According to statistics compiled by a National Health Interview released in 2017, 20 percent of those surveyed 18 and older reported smoking on a daily basis; of those, 15.8 percent males and 12.2 percent females.
In recent years, in an effort to curb or stop smoking aside from medical resources, many individuals have turned to what are known as E-cigarettes or vaping devices.
A number of questions have generated concern to both non-medical means to stop smoking. First, however, let us look at the difference between E-cigarettes and vaping devices.
- E-cigarettes (ECIGS) are designed to imitate the look and feel of a traditional cigarette. Many use a rechargeable battery system combined with a disposable liquid cartridge. Users press a button on the device or simply inhale thus activating a heating element that vaporizes a liquid to be inhaled.
- Vaping works similar to ECIGS as they too use a rechargeable battery system however they utilize a refillable tank for their fluid.
The fluids in both cases frequently have a flavor added such as cherry or mint for example and contain nicotine as wells as other potentially harmful chemicals.
The National Institute on Drug Abuse contend that using ECIGS or vaping devices is simply changing one bad habit for another in regards to traditional
A major concern is the growing number of teenagers using vaping devices. With that in mind, earlier this spring, the Rush County Health Department applied for and received grant monies from the Rush County Local Coordinating Council (LCC). As previously noted in the Rushville Republican, the LCC is charged with creating a maintaining a safe and drug free environment for all students and staff at Rush County Schools and the community as a whole.
Thanks in large part to the monies awarded by the LCC, the RCHD and RCHS teamed up and found means to help not only the students at the local high school, but also Rush County.
“The money we asked for had to be related to helping combat drug use, alcohol use or smoking, to name a few problem areas the LCC defined. We came up with a plan to help combat the growing “vape” issue within our high school,” Rush County Health office manager and environmentalist Julia Apple said.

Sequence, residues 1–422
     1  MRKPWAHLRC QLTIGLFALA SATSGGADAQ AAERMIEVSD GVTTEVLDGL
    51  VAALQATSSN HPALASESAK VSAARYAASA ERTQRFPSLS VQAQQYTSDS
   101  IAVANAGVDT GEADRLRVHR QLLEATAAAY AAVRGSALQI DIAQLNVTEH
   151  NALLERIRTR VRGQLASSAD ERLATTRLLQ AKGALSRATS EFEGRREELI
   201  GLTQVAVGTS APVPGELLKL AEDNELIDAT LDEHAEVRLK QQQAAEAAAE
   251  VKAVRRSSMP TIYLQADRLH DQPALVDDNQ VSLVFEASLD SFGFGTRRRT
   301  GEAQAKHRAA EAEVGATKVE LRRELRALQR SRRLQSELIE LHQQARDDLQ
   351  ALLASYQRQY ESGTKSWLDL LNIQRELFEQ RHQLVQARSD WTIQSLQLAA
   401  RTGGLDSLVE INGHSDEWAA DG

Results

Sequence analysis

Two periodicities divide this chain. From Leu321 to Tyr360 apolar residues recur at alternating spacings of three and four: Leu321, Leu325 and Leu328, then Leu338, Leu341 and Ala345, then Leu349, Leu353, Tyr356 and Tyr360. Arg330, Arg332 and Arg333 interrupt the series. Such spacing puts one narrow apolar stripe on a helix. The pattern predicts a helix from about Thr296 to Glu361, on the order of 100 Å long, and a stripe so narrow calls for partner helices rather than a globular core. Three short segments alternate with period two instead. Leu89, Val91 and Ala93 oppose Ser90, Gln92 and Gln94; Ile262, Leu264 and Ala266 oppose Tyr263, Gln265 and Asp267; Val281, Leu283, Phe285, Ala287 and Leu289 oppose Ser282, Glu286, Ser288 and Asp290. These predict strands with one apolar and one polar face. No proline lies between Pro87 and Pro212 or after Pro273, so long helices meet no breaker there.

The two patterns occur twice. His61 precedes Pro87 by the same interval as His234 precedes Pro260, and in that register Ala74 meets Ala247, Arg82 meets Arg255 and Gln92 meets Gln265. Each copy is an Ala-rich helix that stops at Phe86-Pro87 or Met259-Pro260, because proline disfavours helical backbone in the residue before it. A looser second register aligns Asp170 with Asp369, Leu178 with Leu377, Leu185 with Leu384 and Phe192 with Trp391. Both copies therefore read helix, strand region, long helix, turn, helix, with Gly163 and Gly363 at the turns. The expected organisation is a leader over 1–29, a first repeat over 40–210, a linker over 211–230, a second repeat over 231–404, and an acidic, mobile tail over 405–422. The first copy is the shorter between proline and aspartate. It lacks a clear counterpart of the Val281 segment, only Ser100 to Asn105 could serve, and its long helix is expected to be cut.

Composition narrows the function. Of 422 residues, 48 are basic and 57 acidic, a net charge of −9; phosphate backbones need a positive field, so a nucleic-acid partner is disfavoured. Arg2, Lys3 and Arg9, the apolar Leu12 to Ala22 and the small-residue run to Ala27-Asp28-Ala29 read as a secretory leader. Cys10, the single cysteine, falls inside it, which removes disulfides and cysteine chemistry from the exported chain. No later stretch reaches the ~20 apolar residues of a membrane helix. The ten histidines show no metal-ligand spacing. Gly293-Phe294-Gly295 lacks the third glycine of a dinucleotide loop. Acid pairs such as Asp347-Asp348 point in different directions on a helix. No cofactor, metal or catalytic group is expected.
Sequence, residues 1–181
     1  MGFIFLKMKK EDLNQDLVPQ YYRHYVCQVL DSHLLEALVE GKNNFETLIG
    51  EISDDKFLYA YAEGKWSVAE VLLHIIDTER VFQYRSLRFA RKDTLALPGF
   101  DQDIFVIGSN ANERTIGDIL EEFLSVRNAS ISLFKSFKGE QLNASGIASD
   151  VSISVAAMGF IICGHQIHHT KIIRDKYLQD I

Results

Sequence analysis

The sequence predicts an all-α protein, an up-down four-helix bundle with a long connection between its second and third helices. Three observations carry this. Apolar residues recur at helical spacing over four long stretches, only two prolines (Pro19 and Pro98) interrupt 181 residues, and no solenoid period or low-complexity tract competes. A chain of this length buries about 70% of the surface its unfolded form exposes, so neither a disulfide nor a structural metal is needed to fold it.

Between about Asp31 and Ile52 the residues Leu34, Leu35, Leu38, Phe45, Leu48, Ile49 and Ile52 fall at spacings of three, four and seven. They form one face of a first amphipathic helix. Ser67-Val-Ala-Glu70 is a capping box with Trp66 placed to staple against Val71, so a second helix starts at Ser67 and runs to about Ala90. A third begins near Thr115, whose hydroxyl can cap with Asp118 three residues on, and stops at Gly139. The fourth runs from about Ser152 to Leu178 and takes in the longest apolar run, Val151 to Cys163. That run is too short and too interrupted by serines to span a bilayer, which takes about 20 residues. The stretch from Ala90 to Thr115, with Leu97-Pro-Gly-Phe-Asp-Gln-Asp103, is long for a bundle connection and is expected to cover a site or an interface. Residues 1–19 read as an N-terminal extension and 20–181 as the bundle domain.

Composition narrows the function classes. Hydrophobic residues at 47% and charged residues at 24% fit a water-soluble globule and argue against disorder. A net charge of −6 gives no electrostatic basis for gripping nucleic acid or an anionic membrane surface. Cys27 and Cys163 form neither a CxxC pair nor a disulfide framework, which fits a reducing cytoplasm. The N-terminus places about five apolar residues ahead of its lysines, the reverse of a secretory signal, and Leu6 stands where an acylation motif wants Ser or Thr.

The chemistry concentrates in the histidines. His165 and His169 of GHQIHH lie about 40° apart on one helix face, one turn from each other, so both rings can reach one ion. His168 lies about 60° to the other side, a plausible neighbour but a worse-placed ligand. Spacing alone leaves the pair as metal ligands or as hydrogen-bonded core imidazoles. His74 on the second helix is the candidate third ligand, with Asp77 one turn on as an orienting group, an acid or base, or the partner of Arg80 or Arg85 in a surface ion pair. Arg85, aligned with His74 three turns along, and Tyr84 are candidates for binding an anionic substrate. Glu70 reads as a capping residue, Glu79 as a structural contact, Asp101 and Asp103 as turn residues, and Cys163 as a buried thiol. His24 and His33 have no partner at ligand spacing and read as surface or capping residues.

She continued by adding she reached out to RCS and Rushville Reserve Police Officer Bob Bridges and RCHS Principal Rob Hadley for their input and ideas to address the “vaping” problem following a number of conversations, an exchange program for vaping devices was recently held at RCHS.
In weeks leading up to the event, flyers and other notifications were passed along to students as well as short videos were aired on Lions Live, the schools’ news system.
The plan was to exchange vaping devices for a $30 gift card and a drawing to win a pair of concert tickets. Students are able to use the gift cards at either Pizza King or Staggs and their name was entered into a drawing for a pair of concert tickets.
Prior to the one-day event held May 24 and during the most recent LCC meeting, Hadley said students were found frequently speaking about Vape Away effort and it was hoped a number of vaping devices with be exchanged.
In all, 19 vaping devices were exchanged and the event was deemed a success by all organizers.
“That is 19 less (devices) that could potentially be in the school. I think this is a big win. I’m looking forward to other events in the future. Mr. Hadley, Mr. Bridges and Superintendent Matt Vance clearly care a lot about the welfare of the students and I look forward to working with them on other events going forward,” Apple said.
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